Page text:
Will AI Revolutionize Wall Street?

A handful of new hedge funds promise to beat human traders by using artificial intelligence


Artificial intelligence is already used to diagnose sick patients, perform customer service tasks and teach college courses. But can AI outsmart Wall Street?

Over the past year or so, a number of AI hedge funds have sprung up, promising to beat human traders by analyzing and responding to the market in a faster and deeper way. These AI funds go beyond the algorithms used by traditional data-driven funds by attempting to imitate—and improve on—the way the human brain works.

Some early results have been impressive. In Japan, the Simplex Equity Futures Strategy Fund managed to end at a 3.4 percent gain on June 24, the day of Brexit, when funds across the country plummeted. A survey of 12 AI funds from across the globe showed they gained, on average, almost 7 percent this year. At a recent conference for AI academics, half the companies recruiting employees were financial firms, a marked contrast from previous years.

Shaunak Khire, who launched Emma AI, a Silicon Valley-based AI hedge fund this summer, says AIs like his have major advantages over the traditional hedge fund.

“There’s no way a human analyst can cover that much data,” Khire says. “It’s literally not possible for a human brain to process that much information in that short a period of time.”

An AI fund might take into account financial data from markets across the world, historical data, news articles, international monetary policy, knowledge about human trading behavior, company backgrounds and more.  

Emma AI, for example, has been trading on GlaxoSmithKline, covering every data point there is on the pharmaceutical company, even looking at filings going back to the 1970s, Khire says.

Many funds already use quantitative investing strategies, developing computer algorithms to make predictions. The difference between these funds and the AI variety is so-called “deep learning” or artificial neural networks—an AI can learn without human input, whereas algorithms cannot.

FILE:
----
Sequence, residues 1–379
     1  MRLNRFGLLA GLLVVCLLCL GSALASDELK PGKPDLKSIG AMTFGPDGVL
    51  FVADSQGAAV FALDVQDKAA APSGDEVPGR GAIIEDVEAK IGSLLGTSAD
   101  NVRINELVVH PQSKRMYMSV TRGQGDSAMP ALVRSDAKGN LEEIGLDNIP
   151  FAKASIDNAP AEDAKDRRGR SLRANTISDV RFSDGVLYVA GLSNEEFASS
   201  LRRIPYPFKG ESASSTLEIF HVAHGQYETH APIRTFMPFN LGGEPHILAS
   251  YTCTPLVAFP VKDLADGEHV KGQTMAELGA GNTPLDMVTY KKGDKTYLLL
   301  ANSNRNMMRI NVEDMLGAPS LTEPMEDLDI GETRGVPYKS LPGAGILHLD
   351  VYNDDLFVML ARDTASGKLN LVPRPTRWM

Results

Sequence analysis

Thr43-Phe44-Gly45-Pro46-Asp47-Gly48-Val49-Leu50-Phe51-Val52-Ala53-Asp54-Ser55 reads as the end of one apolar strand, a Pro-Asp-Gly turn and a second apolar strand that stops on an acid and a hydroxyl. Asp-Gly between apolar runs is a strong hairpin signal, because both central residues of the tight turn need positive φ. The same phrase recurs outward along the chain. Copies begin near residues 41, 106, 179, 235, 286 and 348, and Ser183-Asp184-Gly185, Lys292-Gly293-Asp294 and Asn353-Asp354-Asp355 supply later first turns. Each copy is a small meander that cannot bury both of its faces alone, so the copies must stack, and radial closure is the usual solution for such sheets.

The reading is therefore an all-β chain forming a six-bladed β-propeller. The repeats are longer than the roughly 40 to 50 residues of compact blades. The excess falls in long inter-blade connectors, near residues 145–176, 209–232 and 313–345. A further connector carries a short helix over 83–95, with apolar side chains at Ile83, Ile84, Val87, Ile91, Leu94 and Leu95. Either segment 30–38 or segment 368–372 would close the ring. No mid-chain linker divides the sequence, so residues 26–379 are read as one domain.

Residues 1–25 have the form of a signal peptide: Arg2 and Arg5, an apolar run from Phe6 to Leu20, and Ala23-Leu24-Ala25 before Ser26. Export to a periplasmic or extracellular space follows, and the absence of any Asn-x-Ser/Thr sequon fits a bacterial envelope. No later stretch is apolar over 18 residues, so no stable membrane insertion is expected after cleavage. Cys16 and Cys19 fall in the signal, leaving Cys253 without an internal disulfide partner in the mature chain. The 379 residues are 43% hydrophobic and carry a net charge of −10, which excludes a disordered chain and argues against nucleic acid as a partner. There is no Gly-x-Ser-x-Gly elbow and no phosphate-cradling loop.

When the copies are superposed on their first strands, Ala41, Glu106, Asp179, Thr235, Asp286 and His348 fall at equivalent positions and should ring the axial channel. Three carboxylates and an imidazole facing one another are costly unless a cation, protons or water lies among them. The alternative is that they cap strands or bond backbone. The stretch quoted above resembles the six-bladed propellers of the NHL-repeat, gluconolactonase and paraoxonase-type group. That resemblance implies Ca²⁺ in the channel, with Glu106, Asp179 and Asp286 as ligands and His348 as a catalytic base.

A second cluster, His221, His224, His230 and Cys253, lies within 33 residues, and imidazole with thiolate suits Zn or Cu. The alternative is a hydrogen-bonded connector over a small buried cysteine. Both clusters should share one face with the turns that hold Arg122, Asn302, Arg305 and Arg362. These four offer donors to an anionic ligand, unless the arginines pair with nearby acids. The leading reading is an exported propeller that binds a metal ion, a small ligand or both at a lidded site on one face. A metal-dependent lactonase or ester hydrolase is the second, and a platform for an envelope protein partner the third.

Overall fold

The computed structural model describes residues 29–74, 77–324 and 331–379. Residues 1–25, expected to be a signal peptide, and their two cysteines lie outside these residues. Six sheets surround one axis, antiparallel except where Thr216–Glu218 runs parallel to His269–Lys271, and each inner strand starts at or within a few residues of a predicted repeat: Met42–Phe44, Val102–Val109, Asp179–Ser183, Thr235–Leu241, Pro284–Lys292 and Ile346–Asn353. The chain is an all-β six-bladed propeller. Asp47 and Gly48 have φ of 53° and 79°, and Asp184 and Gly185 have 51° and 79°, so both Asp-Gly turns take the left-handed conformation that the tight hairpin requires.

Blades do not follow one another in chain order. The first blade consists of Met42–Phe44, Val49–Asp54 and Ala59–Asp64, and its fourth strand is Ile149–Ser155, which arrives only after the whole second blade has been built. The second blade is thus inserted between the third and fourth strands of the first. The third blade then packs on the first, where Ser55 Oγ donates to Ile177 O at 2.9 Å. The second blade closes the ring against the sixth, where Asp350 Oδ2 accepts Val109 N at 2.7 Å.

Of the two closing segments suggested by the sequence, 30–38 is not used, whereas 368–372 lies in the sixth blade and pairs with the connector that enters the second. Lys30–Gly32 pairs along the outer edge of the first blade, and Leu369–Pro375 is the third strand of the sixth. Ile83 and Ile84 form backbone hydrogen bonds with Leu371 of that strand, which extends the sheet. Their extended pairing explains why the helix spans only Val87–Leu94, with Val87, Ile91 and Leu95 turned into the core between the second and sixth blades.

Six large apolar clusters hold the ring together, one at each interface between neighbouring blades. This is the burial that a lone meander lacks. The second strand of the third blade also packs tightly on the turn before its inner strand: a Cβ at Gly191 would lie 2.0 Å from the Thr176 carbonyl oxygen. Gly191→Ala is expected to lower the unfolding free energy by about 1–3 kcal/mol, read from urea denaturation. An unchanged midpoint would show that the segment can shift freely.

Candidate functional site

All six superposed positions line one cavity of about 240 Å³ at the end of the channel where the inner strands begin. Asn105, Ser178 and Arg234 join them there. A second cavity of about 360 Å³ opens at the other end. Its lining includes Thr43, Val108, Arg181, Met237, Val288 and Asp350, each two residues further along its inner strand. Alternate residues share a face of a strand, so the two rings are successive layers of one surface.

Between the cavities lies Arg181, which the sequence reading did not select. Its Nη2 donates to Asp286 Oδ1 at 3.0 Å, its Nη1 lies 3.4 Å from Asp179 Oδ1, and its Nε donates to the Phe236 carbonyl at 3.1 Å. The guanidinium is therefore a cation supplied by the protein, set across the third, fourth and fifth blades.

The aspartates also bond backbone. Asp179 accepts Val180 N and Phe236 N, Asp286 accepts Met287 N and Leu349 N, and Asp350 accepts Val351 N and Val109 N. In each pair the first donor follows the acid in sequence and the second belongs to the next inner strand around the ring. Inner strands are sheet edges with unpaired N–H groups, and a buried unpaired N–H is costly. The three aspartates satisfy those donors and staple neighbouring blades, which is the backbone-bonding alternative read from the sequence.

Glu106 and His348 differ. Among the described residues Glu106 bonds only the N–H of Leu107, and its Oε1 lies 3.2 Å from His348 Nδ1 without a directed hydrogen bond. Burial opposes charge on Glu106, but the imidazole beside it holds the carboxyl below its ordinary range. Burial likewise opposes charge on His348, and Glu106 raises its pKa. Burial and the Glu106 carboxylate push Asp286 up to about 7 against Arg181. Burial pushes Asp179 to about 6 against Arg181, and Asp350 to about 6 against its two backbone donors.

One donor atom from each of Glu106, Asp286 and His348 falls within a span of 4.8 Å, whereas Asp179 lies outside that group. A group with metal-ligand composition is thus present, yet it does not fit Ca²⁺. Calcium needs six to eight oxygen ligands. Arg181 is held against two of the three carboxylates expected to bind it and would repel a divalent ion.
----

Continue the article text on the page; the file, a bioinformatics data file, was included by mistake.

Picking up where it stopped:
Emma AI, like many AI funds, uses Bayesian analysis to replicate the human decision-making process. This means it is able to take advantage of new information to update its perspectives and strategies. This is essentially what humans do, only an AI can do it more quickly and, in theory, more rationally. A human analyst is prone to making mistakes based on fear or overexcitement or greed, problems not faced by computers.

A fund launched earlier this year by San Francisco-based AI firm Sentient Technologies uses a type of AI inspired by plant and animal evolution. This “evolutionary computation” constantly creates new algorithms and incorporates the best ones into its old algorithms, making itself ever better and stronger. Hong Kong-based AI fund Aidyia uses evolutionary computation, among other strategies.

In the future, Khire sees entire funds managed by AI, though perhaps with some sort of human control or override for regulatory purposes. He also, however, sees AI as playing a role in regulation. Wall Street reforms passed by Congress in recent years have caused many banks to increase the number of employees dedicated to compliance.

“You could automate all that,” Khire says.

Some experts are skeptical about whether AI will really revolutionize the financial industry the way AI firm founders claim. Some say the AI technologies used are not all that different from more traditional algorithms used in data-driven firms. Others say financial markets are too capricious to be predicted by the kind of AI that exists today.

Khire says he’s not trying to reinvent the wheel, only to improve it incrementally.

“The AI’s only goal is to find opportunities that have a lower risk threshold than the S&P [500] and have a higher rate of return than the S&P,” he says. “It’s a low bar.”

Still, simply beating the S&P 500, the American stock market index often used as a monitor of Wall Street's overall performance, over the long term is not easy. But Khire and others are convinced they’ve got the goods. The question is: would you bet your money on it? 

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